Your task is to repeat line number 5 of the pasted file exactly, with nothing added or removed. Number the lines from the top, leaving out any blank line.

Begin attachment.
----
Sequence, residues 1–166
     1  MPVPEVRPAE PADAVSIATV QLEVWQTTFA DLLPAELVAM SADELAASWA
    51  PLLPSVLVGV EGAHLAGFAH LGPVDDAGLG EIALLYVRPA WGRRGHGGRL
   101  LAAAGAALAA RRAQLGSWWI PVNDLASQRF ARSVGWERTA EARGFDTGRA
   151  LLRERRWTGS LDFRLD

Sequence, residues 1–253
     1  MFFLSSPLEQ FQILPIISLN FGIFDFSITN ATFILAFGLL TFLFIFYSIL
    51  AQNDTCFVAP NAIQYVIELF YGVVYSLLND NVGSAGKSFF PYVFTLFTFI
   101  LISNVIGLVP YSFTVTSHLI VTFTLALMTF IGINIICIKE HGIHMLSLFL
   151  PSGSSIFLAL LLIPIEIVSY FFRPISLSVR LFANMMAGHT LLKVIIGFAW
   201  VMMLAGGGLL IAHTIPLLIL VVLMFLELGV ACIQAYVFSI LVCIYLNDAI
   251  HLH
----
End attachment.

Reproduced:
   151  LLRERRWTGS LDFRLD